A lucrative Chinese opportunity for Australian companies

In a time of economic uncertainty, many Australian companies have become risk averse, but a few are making big plans for Chinese growth.

In a world where consumers and many corporations are deleveraging and smaller companies are becoming more risk averse, where will growth come from?

In Australia there is little doubt what is going to drive our growth: the ballooning Chinese and Asian middle classes. In the US, companies will also target this market but they have sensible energy and flexible labour policies, which are also driving a renaissance in manufacturing.

Australia’s energy policies, particularly in gas, are a mess. But one day that may change and we will be able to follow the US at least part of the way.

There is no segment of the Australian corporate base that isolates ‘supplying the middle class of Asia’, but when you look around it is remarkable the number of Australian companies and industries that are basing their growth on that market.

Let me isolate a number of companies and industries. I am sure readers will think of more:

  • Seek is seeking to duplicate its online recruitment strategies in China and other countries, and one day those operations will be bigger than its operations in Australia.
  • Crown is expanding its casino base in Australia, particularly Sydney, looking to tap more high net worth Chinese. And of course it has a strong operation in Macau.
  • Our apartment development industry in Melbourne and Sydney is building a large number of apartments for Chinese buyers wanting a residence in Australia to diversify their asset base. Both cities are studded with cranes.
  • Our dairy industry has been much slower than New Zealand in understanding the potential of the Chinese middle class market, but it is now starting to catch up. Trade Minister Andrew Robb wants to develop northern Australia to meet the demands of the growing Chinese and Asian middle class (The one minister who has a vision for Australia, August 19).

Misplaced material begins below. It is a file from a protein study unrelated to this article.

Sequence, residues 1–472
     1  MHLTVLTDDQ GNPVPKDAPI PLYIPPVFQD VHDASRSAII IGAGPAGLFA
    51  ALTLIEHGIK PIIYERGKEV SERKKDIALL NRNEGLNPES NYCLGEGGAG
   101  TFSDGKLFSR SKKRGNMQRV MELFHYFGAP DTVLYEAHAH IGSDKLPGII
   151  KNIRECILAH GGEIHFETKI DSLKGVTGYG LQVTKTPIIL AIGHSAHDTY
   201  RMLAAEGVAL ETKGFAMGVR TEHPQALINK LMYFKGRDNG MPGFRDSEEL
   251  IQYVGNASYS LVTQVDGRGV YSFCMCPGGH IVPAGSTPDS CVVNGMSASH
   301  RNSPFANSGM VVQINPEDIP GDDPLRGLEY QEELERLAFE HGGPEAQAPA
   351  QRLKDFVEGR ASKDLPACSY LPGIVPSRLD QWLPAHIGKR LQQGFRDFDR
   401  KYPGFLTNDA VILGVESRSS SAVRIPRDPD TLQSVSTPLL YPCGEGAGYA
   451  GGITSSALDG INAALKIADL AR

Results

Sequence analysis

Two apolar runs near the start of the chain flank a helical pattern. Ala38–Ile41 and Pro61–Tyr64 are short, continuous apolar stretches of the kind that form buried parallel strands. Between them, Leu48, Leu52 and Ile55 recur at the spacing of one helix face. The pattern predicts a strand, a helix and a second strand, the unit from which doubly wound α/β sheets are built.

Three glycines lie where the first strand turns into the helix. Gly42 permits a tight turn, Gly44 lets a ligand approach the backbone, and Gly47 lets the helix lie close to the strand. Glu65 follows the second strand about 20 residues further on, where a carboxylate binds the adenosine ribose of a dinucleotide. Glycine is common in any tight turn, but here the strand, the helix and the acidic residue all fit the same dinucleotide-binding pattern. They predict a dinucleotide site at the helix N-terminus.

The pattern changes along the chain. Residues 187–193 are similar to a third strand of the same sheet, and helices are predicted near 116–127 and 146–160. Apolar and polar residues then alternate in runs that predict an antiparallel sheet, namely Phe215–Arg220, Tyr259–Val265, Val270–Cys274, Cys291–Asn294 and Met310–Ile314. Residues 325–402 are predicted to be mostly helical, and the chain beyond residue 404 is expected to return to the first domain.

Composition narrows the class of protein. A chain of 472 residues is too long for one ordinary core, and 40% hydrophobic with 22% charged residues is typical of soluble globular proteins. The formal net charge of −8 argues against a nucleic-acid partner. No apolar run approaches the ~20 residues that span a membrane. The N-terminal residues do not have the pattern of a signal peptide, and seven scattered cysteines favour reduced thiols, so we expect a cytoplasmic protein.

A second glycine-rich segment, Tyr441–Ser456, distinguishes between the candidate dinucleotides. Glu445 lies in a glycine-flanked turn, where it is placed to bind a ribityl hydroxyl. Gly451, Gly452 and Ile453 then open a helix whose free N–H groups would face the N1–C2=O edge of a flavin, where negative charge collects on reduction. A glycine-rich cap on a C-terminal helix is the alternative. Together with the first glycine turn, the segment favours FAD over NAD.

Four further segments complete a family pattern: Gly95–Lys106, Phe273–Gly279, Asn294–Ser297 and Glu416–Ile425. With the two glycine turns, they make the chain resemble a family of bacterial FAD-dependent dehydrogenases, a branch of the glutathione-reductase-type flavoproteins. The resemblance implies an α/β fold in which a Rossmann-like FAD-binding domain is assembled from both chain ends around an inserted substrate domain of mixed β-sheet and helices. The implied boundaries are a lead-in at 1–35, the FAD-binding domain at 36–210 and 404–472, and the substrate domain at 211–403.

• We are seeing global private equity groups led by KKR move on Treasury Wine Estates, our largest winemaker and the company with the best brands to sell to middle-class China. They are long-term investors who are buying in anticipation of a boom.
  • China’s middle class is moving against coal. Our coal industry is in denial and I received a strong reaction when I revealed that Beijing would not use coal to generate power and this would gradually spread through China (Australia’s coming coal firestorm, August 18). The latest restrictions on low-quality coal confirm the drive. But such a strategy in China will require more gas and our LNG exporters are supplying some of that gas. Russia will be the big beneficiary. Better energy efficiency requires more copper, and BHP has an active copper development program in China and South America because it believes copper will be a growth metal. BHP is also looking to accelerate the expansion of Olympic Dam by heap leaching the ore first to remove the uranium and some copper and then the rest of the copper. If the current test plant is successful, BHP will accelerate Olympic Dam’s underground mining development and erect new heap leaching treatment plants there.
  • The vast number of tourist facility operators including hotels and bus lines are set to become part of an enormous growth industry.

Step by step, our growth is going to be based around the Chinese middle class.